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In other words, you can make the case that the senators received what's known as "material, non-public information" and by selling their stock (before the news hit and the markets crashed) they made a fortune while defrauding public investors. So they should end up in jail like Ivan Boesky, and many others.

Yes, you can make that case, but according to the law, you would in all likelihood lose.

The reason you would lose goes back to the insider-trading law: There is no real law. Insider trading is really just a bunch of court cases where precedent has been set as to what is or isn't a criminal sale of stock after receiving material (i.e., it will have an impact on stock prices) non-public information (or information that the public doesn’t have).

And according to precedent, here are the conditions that must be met to bring a criminal insider-trading case: The information has to be "misappropriated" or stolen from real shareholders.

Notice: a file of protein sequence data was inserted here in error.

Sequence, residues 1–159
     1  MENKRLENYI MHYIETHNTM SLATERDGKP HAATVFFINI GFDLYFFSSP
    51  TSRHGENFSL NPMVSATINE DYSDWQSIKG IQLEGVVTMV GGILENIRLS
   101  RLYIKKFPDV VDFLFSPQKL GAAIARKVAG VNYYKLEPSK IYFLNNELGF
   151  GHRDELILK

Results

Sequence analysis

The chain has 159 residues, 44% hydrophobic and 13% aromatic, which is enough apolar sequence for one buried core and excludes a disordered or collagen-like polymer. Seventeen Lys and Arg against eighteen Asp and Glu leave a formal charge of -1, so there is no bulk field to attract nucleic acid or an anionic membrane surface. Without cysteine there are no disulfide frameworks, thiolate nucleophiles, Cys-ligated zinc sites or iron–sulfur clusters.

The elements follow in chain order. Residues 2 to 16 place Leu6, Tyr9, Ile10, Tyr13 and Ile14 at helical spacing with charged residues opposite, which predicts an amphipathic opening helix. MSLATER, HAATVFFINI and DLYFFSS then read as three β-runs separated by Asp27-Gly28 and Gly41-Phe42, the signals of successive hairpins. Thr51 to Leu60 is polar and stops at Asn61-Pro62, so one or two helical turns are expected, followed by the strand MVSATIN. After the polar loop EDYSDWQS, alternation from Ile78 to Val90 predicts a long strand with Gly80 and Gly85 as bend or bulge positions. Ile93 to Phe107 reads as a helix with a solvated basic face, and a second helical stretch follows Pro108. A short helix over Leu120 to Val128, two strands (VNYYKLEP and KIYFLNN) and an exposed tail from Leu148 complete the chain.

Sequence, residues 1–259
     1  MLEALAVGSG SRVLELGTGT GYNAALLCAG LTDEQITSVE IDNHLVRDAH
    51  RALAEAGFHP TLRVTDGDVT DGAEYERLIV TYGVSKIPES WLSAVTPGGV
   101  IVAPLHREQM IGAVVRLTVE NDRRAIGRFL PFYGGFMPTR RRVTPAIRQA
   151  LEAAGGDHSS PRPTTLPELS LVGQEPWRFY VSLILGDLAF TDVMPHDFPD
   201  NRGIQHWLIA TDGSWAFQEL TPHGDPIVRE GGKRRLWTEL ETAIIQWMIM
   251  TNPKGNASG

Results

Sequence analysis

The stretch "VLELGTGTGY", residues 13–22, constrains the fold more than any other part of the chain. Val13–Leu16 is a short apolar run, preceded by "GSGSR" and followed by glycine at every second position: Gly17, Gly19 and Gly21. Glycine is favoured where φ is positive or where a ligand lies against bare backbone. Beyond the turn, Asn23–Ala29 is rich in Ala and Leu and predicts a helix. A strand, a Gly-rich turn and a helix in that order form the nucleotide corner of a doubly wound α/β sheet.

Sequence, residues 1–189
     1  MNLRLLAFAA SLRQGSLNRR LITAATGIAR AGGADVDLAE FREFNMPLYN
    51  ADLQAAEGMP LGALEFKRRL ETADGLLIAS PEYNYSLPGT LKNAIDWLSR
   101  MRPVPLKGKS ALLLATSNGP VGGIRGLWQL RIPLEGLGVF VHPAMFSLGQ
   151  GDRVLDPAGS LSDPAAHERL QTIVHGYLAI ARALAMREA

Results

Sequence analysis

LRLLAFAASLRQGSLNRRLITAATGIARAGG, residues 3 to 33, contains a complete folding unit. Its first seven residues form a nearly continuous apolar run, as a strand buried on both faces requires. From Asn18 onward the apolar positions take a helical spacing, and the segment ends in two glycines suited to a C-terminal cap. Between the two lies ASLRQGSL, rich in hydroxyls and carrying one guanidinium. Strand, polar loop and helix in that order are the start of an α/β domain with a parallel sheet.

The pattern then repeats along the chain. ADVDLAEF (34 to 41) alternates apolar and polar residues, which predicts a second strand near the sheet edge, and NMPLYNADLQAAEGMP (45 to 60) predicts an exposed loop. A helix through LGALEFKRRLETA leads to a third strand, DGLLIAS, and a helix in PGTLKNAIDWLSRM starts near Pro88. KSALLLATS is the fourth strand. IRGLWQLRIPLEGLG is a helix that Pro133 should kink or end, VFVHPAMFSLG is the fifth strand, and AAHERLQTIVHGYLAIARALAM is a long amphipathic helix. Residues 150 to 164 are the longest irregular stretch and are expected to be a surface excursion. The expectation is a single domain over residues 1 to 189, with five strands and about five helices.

That means you would have to prove that information provided the senators was stolen from shareholders of all the stocks they traded out of. But it wasn't. The information was generated by government sources about the size and scope of the pandemic; it didn't come from Resideo Technologies, or AbbVie, the stocks sold by Loeffler and Burr, respectively.

TickerSecurityLastChangeChange %
ABBVABBVIE INC.85.91-1.23-1.41%
REZIRESIDEO TECHNOLOGIES INC.10.040.000.00%